News Of The Day 2/24/2011

(Sorry this went up late, we'll still have today's news)

A look at why Ireland's economic bubble burst. It actually is more crazy than I thought, including mixture of private-sector corruption, public-sector patronage, and now a massive immigration issue – as in people leaving.

Get some insight into the MERS mess. It looks like the folks there are confident of support from the government – though the current plan being kicked around by the government seems to be a weird grab-bag to me.

And this is from FORBES: How 'financialism' is destroying America. A simple but concise point that focus on short-term gains and shareholder value undermines capitalism and society.

Geek Law and More:
The FTC is going to look at the impact of freemium games. I could have seen this coming.

Anime and Manga:
Oh this is interesting: Kodansha and Dai Nippon acquire Vertical, an American company that does a lot of Japanese translations. Well we've been waiting on Kodansha's big moves, and here you go – that's a big one as 50% of their titles will be Kodansha. Hey, why have the Japanese companies make deals here when they can just buy or start companies . . . Cool Japan has deep pockets.

Remakes and re-imaginings continue, including, I kid you not, The Bodyguard. Also there's a sort of remake/spinoff/re-take on Hellraiser.

Is Disney aiming to add youth horror to it's mix while the Princesses take a break? Henry Selick's new studio is working with them on a film called Shademaker – and he has a hell of a background, including some creeptastic stuff. Also they're in San Francisco, so keep an eye on this to see what it says for Disney's direction (if they find one) and job oppose.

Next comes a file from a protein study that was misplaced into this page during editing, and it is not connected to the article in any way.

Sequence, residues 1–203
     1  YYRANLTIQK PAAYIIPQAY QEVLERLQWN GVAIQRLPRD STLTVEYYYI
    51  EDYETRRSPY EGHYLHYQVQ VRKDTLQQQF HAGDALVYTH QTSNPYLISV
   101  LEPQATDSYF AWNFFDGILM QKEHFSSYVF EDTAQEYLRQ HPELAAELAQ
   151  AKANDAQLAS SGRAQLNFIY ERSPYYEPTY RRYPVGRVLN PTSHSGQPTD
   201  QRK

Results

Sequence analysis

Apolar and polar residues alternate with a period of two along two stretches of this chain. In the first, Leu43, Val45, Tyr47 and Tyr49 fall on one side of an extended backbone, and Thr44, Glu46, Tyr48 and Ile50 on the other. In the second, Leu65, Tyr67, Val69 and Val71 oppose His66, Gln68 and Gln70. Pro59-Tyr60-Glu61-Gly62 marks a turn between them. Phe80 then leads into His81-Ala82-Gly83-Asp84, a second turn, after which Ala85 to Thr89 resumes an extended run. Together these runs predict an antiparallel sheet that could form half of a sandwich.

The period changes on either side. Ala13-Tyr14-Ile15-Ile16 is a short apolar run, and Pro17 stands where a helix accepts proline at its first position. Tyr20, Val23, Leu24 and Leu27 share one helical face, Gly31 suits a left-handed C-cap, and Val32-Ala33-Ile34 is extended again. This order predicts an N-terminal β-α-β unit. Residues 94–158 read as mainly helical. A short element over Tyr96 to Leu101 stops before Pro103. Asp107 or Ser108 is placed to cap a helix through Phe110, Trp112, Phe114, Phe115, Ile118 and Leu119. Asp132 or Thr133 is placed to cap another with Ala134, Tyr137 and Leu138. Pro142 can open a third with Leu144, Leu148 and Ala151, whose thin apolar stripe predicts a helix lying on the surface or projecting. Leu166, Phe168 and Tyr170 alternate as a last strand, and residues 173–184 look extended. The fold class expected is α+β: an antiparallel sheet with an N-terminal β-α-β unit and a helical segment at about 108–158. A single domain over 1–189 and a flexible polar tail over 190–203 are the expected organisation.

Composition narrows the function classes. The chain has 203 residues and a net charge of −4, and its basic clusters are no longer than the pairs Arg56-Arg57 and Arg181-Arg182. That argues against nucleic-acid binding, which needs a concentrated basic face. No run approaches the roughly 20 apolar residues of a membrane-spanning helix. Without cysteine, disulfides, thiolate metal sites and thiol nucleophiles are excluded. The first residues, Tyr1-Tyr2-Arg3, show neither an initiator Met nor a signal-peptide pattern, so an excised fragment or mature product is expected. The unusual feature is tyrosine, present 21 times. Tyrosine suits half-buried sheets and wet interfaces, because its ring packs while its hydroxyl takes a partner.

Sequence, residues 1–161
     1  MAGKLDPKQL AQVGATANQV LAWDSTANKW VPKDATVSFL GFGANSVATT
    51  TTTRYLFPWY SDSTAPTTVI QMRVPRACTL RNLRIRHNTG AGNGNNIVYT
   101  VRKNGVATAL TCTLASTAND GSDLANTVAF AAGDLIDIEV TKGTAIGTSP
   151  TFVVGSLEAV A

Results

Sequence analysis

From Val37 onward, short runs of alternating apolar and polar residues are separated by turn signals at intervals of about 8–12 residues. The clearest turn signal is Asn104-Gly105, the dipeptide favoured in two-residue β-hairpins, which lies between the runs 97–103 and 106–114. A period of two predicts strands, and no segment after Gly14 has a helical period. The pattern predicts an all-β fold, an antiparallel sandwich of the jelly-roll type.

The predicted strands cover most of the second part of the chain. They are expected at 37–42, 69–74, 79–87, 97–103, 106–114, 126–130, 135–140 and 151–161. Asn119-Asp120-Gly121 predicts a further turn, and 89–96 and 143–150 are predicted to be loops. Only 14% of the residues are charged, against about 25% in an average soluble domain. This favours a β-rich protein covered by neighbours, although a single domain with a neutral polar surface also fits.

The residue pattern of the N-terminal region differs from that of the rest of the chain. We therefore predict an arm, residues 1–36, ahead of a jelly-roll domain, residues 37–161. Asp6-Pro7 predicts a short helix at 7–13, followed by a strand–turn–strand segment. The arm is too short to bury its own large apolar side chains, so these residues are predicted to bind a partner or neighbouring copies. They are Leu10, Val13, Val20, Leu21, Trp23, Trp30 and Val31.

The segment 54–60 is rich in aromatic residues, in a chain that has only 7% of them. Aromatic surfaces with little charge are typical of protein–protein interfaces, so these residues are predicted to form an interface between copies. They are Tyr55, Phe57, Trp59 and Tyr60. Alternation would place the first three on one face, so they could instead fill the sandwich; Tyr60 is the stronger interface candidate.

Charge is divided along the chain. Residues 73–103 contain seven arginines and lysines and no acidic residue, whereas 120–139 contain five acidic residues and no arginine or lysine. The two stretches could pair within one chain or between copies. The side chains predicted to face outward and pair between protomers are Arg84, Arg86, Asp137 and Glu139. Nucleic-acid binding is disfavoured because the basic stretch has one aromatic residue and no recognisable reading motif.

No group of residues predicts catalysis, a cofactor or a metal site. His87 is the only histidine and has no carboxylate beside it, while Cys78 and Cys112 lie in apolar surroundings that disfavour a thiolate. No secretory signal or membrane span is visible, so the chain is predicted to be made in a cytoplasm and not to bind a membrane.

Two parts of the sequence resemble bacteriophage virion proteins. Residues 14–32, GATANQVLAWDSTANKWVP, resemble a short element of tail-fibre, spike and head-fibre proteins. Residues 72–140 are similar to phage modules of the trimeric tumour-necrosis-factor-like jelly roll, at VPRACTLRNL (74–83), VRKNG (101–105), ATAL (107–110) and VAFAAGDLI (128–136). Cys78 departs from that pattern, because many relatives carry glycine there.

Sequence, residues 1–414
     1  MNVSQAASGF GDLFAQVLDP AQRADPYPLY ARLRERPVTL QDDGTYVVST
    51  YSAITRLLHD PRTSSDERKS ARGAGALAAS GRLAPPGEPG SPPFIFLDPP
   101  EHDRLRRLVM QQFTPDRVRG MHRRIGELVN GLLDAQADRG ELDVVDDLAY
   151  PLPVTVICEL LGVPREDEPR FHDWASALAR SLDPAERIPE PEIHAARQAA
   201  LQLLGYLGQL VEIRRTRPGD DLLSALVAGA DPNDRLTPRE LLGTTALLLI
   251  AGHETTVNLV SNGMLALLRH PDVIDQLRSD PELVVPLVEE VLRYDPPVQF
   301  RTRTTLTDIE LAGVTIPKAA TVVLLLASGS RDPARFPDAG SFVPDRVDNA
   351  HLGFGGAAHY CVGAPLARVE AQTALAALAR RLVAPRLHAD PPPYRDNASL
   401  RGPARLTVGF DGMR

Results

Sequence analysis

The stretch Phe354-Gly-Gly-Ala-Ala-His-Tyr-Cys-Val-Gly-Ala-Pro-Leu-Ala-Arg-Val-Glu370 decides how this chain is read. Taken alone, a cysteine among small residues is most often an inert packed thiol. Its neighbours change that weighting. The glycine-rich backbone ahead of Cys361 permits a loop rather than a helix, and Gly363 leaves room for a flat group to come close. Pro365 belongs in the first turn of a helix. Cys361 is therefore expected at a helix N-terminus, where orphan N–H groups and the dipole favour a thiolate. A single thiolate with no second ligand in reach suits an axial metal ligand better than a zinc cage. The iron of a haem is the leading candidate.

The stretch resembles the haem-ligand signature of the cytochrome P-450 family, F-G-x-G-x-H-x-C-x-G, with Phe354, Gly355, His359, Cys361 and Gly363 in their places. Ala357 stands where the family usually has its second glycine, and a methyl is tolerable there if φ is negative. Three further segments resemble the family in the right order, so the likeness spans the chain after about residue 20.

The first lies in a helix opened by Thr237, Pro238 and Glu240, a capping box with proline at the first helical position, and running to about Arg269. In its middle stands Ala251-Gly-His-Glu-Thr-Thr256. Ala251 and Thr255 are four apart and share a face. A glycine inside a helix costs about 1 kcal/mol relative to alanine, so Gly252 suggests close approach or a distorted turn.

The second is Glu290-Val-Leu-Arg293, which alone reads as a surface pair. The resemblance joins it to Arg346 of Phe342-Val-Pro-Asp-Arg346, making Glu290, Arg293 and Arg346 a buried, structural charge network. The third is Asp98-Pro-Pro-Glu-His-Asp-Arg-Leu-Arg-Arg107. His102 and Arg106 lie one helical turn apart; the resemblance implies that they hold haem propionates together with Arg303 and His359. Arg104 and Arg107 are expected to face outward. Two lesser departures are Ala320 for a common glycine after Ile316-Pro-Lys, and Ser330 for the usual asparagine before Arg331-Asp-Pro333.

Ouch. Medical tech bigwig Medtronic is cutting 2000 jobs. Sounds like they're a bit directionless.

io9 looks at agribusiness trends that are going to run into problems.

Social Media:
LinkedIn is blocked in China, possibly due to the Twitter connections. Interesting article, and a good look at issues with China, Social Media, and local competition. The Chinese market has many unique demands (politics aside) that can be difficult to meet – but expect people to try for that big, big market.

Disney bought Togetherville a kid-friendly social network. I can see many reasons to have bought them – from using it as a Disney brand to a method to get people into their network to ad sales – but let's see what happens. I'm still getting a handle on Disney's directions.

Social Media tech company Syncapse raises $25 million. Don't know much about them, but that is a nice chunk of money.

Software As A Service: lands $48 million in investment. is a big SaaS storage/collaboration site that's getting a lot of use (indeed, I use it). More CorpTechPocalypse on it's way it appears – they've got quite a presence and can leverage this money. Probably, so send your future Storage Overlords a resume.

OK, I'm finding the fact Lifetime has two more Natalee Holloway-related projects a tad creepy.

Dogpile on Netflix time, it seems everyone wants someone to pony up for their use of bandwidth from metered usage to an outright tax for infrastructure. This is on top of the whole Level 3/Comcast mess. I feel for Netflix (who I feel is an outstanding company and service), but we're running into a lot of real issues, from infrastructure to sheer greed. How they navigate these waters will affect not just them (though I expect they're virtually unkillable), but will affect taxes, bandwidth usage, and more. I give it a decent chance (slightly higher than 50%) that Netflix gets more political to deal with this – which may have many implications.

Video Games:
Deep Breaths People! There is apparently going to be a Doctor Who MMO. Sounds like it uses the TARDIS as a hub system and people play folks recruited by the Doctor. The game company, Three Rings, created the beloved Puzzle Pirates MMO, so it's an interesting, if short, pedigree being applied to the game. Will it work? I have no idea, there's not enough to say, but it is intriguing, and shows the BBC's continuing commitment to the property.

In a cool move, Gearbox wants to hear from Duke Nukem contributors to make sure they're properly credited. Smart, classy, community-building, and helps avoid legal nastiness, very smart. I still say watch Gearbox, company with a lot of potential – and some serious smarts.

Steven Savage